Why Some Schools Are Choosing Test Optional Policies

November 17, 2016

By Johnny Duda 



As schools continue to move away from test scores as a necessary component of a student’s application, parents and test takers may wonder applying to a test optional school is the right decision for them. The answer depends.  

ACT, Inc recently published a lengthy report which argues against the new trend in test optional applications. Citing the correlation between low test scores and low high school GPAs, ACT asserts that their test does more than provide an objective standard against which students can be evaluated. ACT insists that in addition to gauging what students have already learned, the ACT provides an accurate indication of college readiness.  

So why the shift? 

In speaking with institutions, the answers leaned toward wanting to provide a more “holistic” way of assessing students, removed from the outside pressures that the testing environment provides. Instead, the holistic approach assesses students against a variety of parameters, not all of which are strictly related to test scores. 

“We want students to realize that they’re not just their test scores,” said a representative from American University, which has recently given students the option to not include test scores. “Sometimes students might do well academically but might not score as well as like.”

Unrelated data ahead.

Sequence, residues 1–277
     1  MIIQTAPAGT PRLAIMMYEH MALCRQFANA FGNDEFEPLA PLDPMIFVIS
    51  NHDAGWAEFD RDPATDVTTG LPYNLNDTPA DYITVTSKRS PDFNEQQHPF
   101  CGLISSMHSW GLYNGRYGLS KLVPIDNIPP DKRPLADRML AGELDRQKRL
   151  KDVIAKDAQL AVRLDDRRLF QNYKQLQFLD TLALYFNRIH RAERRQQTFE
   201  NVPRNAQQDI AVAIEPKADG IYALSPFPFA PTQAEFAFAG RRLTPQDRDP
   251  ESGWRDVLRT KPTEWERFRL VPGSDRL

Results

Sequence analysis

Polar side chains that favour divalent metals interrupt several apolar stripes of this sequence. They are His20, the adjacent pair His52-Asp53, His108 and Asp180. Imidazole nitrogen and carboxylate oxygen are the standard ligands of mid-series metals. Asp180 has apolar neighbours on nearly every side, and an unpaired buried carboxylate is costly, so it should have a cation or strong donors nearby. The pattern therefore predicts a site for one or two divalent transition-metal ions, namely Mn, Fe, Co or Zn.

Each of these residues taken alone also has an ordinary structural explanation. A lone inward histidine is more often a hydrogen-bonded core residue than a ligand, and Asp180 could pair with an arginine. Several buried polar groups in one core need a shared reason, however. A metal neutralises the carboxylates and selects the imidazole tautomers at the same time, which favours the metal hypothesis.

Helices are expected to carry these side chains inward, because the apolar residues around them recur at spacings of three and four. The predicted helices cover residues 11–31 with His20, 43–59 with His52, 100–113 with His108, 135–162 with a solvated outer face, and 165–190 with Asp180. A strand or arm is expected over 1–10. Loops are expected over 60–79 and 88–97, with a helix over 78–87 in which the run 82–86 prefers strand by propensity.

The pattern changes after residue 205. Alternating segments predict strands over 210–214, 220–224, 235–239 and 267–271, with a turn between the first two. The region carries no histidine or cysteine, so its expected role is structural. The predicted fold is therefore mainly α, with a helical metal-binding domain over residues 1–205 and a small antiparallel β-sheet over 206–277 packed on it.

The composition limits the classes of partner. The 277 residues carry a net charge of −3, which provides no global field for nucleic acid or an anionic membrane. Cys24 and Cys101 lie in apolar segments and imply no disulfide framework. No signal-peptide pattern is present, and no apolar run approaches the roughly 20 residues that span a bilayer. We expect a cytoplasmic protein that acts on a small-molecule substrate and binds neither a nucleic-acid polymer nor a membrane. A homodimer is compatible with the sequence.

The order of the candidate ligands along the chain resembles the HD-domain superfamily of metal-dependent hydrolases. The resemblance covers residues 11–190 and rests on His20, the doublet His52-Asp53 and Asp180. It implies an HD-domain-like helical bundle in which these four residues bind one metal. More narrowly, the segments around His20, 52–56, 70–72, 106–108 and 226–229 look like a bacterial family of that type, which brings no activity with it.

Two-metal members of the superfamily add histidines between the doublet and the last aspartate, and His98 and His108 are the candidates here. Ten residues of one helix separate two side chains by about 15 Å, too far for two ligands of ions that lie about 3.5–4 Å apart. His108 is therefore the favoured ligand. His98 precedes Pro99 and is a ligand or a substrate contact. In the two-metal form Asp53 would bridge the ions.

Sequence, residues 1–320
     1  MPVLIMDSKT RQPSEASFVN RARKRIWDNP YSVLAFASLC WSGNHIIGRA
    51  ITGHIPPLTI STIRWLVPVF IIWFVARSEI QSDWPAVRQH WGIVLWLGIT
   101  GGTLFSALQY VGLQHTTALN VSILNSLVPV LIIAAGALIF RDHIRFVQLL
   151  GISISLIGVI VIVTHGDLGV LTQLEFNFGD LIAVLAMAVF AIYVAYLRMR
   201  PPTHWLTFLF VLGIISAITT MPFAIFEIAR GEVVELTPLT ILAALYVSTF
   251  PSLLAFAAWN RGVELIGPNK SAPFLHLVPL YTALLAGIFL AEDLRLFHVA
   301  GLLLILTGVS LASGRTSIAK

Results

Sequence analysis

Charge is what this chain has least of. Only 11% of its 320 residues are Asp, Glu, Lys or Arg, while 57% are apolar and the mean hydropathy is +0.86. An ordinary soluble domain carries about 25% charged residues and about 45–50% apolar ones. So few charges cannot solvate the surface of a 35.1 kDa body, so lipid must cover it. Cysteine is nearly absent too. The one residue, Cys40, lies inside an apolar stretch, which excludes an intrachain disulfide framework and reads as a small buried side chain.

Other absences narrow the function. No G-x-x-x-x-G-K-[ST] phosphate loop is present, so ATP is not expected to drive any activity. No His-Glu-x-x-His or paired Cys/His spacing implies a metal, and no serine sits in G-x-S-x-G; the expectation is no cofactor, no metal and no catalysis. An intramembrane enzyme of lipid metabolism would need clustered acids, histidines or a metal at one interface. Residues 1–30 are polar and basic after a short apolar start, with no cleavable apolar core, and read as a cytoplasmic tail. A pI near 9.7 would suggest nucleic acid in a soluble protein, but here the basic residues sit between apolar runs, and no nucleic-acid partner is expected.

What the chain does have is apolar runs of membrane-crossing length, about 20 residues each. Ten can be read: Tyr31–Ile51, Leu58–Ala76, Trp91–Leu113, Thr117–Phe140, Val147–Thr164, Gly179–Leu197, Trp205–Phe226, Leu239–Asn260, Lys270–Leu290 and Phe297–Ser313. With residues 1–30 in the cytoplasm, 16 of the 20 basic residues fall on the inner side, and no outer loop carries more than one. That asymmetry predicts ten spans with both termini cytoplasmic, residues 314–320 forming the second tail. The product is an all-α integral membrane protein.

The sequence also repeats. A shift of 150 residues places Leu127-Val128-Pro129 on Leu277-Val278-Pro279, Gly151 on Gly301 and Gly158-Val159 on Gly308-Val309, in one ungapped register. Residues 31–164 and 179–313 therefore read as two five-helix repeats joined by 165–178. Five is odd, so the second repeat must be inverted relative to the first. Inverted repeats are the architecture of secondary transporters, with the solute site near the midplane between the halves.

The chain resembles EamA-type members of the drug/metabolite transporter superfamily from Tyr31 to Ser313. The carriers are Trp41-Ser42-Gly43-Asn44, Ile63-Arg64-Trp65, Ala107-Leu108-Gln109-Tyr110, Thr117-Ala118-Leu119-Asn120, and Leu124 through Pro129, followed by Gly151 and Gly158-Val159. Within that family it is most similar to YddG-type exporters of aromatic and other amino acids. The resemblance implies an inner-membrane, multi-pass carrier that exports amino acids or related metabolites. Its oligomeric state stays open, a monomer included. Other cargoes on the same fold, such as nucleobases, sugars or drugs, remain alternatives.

Brandeis University chose to go test optional in mid 2013, citing the desire to allow students more flexibility in how they craft their college applications. “Some students do better on other tests or on analytical papers,” said a representative from Brandeis. “We want to give students options.” Brandeis, like other schools, is not forgoing tests altogether but has provided students with the option to demonstrate their knowledge through analytical papers or other tests such as AP exams. Still, nearly 90% of applicants to the class of 2019 chose to submit test scores as part of their applications (NYT). 

When prepared adequately, with a focus on conceptual learning and critical thinking, test scores can reflect a window into the way a student learns and performs under the heavy pressure environment of the college campus. Therefore, if a student has a strong test score in any particular area, it is often to their advantage to report it. 

For students lacking confidence in their test scores, taking the time to address educational trouble spots is the best way to address underlying foundational issues before the demanding task of college study begins. Testing performance is not a reflection of memorization, but of strong critical thinking skills, and strong thinkers are often strong learners. As always, whether a student chooses to focus on the SAT or ACT, we always contend that the learning process is more important than a numerical score, and a solid foundation for critical thinking skills is what we strive to provide for all students.